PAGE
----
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Lakers aren't enthused by all the running at training camp

Lakers aren't enthused by all the running at training camp
The Lakers practice at the Stan Sheriff Center on Sept. 29, 2015 in Honolulu. (Marco Garcia / Associated Press)

Are the Lakers that bad at shooting? Or were they cursed by tired legs?

It was open for debate after a 90-71 loss to the Utah Jazz on Sunday in an exhibition opener.

The Lakers shot 28.9% and faded badly as the game unfolded. It came after three days of two-a-day practices in another traditionally tough Byron Scott training camp.

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The Lakers coach has a reputation for demanding a lot of running in the preseason. It's important in his mind because the Lakers will be better conditioned than other teams down the road.

Players, predictably, aren't as enthused about it. They're trying to fetch a positive angle, though.

"I feel like I'm in great shape. Or at least I'm getting there faster than I would in other training camps," veteran Brandon Bass said Monday. "I think we're definitely going to be in better shape than a lot of teams come the regular season. Guys' legs are probably a little tired, but we're going to fight through it."

Bass, 30, spent his first two NBA seasons under Scott in New Orleans. He has been through these before.

"They're always tough. They're always challenging. Always going to be a lot of running," he said. "It's going to challenge you mentally and physically. I think it's a usual Byron Scott training camp."

Then he laughed.

"I hoped it was going to be something different," he said. "I ain't mad. I know he's trying to bring the best out of us."

Some teams don't do any two-a-day practices in camp, including the Golden State Warriors. Coach Steve Kerr isn't a fan of the extra wear and tear, saying last week he might never have another two-a-day.

The Warriors are entitled to a less-strenuous camp, having won the NBA championship in June with a fairly experienced core of players.

In contrast, the Lakers will start rookie D'Angelo Russell and second-year players Julius Randle and Jordan Clarkson in their exhibition Tuesday against Utah.

This is a little different than the one camp Russell experienced at Ohio State, where classes and tutoring sessions capped the amount of practice time, he said.

"You start to have second thoughts on why, why, why?" Russell said. "We're looking forward to trying to make the playoffs. If we do that, we'll be prepared for it."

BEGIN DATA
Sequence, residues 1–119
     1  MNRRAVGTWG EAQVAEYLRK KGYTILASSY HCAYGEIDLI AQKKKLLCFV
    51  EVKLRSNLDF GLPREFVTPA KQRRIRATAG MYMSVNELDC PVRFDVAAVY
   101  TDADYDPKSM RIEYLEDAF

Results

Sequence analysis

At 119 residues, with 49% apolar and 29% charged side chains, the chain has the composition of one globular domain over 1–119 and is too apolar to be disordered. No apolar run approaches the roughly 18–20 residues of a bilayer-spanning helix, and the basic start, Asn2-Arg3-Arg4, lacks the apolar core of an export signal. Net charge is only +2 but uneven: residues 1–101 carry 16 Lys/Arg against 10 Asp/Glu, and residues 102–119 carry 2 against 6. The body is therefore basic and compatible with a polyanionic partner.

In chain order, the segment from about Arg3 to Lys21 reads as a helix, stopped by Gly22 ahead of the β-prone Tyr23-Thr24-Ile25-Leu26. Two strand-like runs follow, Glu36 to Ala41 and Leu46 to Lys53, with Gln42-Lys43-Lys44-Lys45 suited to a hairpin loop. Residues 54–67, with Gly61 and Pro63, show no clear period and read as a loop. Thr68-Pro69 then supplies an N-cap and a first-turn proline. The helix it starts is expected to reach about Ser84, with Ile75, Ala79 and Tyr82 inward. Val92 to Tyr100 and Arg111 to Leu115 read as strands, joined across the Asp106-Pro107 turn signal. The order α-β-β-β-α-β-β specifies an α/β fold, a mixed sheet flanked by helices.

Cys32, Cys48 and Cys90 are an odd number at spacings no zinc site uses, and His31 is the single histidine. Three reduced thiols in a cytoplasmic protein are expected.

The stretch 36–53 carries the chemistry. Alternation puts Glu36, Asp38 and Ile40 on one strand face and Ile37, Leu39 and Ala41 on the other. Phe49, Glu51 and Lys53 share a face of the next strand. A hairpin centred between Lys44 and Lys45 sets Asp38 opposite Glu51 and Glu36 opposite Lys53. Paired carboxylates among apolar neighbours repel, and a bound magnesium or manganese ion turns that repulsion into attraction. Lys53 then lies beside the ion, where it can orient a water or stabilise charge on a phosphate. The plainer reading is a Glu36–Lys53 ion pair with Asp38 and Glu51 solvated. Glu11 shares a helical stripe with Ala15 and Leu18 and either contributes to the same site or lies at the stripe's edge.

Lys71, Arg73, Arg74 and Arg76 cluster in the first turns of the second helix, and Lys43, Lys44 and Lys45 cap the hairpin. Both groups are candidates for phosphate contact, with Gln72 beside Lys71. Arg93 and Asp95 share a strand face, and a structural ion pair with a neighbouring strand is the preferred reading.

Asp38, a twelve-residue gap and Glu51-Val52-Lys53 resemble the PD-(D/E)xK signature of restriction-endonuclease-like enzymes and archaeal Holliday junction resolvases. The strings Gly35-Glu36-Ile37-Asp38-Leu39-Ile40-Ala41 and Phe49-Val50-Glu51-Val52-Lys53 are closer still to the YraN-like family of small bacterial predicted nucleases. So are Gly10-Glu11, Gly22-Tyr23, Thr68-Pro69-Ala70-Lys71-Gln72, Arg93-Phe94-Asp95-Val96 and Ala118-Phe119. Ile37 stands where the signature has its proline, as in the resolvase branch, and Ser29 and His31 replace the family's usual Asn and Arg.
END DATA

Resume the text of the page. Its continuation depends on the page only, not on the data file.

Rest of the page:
Not long after the Lakers drafted him with the second overall pick, he started hearing about the need to report in shape.

"You even heard about it before the vets told you. Then you see the vets going through it [now] and they're saying the same thing — as many years as they've been in the league, they say this is the toughest," he said.

This isn't the first time Scott's training camps have been dissected. A year ago, Kobe Bryant gave an illuminating peek into Scott's no-nonsense approach, calling it the most running he'd ever done on the first day of camp.

The Lakers looked weary in Sunday's game, making 26 of 90 shots. Randle made only two of 10, Bass two of nine and Russell two of eight. Bryant and Roy Hibbert were each one for five.

"I don't know if it has anything to do with tired legs," Scott said. "I think we just missed open shots. You could always say it's tired legs. That, to me, is an excuse."

Then he went into more detail.

"I don't necessarily care about tired legs in preseason. I think everything that we've done thus far will pay off at the end of the day," Scott said. "All the running. ... I think in December and January, it will pay off."

Perhaps Russell has the best solution when the Lakers aren't practicing.

"A lot of rest. Try to get off your feet as much as possible," he said.

Etc.

The injuries are starting to pile up, the Lakers losing two players at Monday's practice. Jabari Brown left because of a right hand injury that required X-rays (they were negative) and rookie Anthony Brown suffered a strained right shoulder after running into a hard screen. Both players are listed as questionable for Tuesday's game. ... Backup guard Marcelo Huertas will sit out the game because he has to travel to Canada to complete immigration paperwork. Huertas is from Brazil. At any rate, the Lakers will start the same five players that started Sunday: Bryant, Clarkson, Hibbert, Randle and Russell. One caveat: Scott said Kobe's availability would be determined after Tuesday morning's shootaround.

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